The Welcome Guest

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Page 147 - As if here were those cooler shades of love. Can such delights be in the street, And open fields, and we not...
Page 302 - Now stir the fire, and close the shutters fast, Let fall the curtains, wheel the sofa round, And while the bubbling and loud-hissing urn Throws up a steamy column, and the cups, That cheer but not inebriate, wait on each, So let us welcome peaceful evening in.
Page 120 - Speak unto the children of Israel, and bid them that they make them fringes in the borders of their garments throughout their generations, and that they put upon the fringe of the borders a ribband of blue : and it shall be unto you for a fringe, that ye may look upon it, and remember all the commandments of the Lord, and do them...
Page 136 - Froissart. The Maypole on the margin of that poetic stream completed the illusion. My fancy adorned it with wreaths of flowers, and peopled the green bank with all the dancing revelry of May-day. The mere sight of this May-pole gave a glow to my feelings, and spread a charm over the country for the rest of the day ; and as I traversed a part of the fair plain of Cheshire, and the beautiful borders of Wales, and looked from among swelling hills down a long green valley, through which "the Deva wound...
Page 274 - Of the agony it occasioned, I will say nothing. Suffering so great as I underwent cannot be expressed in words, and thus fortunately cannot be recalled. The particular pangs are now forgotten ; but the black whirlwind of emotion, the horror of great darkness, and the sense of desertion by God and man, bordering close upon despair, which swept through my mind and overwhelmed my heart, I can never forget, however gladly I would do so.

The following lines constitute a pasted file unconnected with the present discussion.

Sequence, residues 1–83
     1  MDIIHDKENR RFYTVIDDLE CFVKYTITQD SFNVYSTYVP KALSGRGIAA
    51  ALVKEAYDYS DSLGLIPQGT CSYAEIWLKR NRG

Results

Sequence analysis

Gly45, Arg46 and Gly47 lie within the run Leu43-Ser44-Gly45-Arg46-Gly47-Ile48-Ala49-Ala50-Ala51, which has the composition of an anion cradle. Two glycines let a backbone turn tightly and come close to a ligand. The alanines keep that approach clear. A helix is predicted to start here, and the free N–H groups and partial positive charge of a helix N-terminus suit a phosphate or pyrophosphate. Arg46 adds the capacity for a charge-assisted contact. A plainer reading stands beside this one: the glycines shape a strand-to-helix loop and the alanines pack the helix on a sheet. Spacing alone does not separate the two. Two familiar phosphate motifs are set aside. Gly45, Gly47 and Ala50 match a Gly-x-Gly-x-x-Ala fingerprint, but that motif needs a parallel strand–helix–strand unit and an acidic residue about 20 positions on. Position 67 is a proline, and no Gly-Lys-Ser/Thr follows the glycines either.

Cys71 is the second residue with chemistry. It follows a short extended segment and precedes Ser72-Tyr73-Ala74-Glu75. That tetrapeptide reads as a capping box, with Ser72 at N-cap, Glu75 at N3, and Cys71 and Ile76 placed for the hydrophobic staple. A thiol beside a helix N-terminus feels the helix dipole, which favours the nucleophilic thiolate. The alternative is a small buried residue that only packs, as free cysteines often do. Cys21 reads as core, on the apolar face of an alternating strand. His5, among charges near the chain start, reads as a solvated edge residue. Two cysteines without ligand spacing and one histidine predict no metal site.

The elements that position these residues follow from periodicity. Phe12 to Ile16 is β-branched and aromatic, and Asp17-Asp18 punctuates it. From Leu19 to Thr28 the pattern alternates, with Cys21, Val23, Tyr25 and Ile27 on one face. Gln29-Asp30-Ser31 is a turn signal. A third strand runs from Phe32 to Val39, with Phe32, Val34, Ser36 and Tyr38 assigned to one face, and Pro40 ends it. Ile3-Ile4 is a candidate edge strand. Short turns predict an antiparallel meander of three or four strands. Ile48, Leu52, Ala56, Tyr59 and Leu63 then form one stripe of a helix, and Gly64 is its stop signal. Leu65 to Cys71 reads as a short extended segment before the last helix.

Page 135 - In the month of May, namely, on May-day in the morning, every man, except impediment, would walk into the sweet meadows and green woods, there to rejoice their spirits with the beauty and savour of sweet flowers, and with the harmony of birds, praising God in their kind...
Page 148 - But it's well budded out By the work of our Lord's hands. The hedges and trees they are so green, As green as any leek ; Our heavenly Father he watered them With his heavenly dew so sweet. The heavenly gates are open wide, Our paths are beaten plain ; And if a man be not too far gone, He may return again. The life of man is but a span, It flourishes like a flower; We are here to-day, and gone to-morrow, And we are dead in an hour.
Page 135 - Come, my Corinna, come; and, coming, mark How each field turns a street, each street a park Made green and trimmed with trees; see how Devotion gives each house a bough Or branch; each porch, each door ere this An ark, a tabernacle is, Made up of white-thorn, neatly interwove; As if here were those cooler shades of love.
Page 67 - Punctual as the clock we presented ourselves at his door on the following morning, when our papers were returned to us with the observation — " These trifles are really not deficient in smartness ; they are well, vastly well for beginners ; but they will never do — never. They would not pay for advertising, and without it I should not sell fifty copies.
Page 302 - ... a hardened and shameless Tea-drinker, who has for twenty years diluted his meals with only the infusion of this fascinating plant, whose kettle has scarcely time to cool, who with Tea amuses the evening, with Tea solaces the midnight, and with Tea welcomes the morning.

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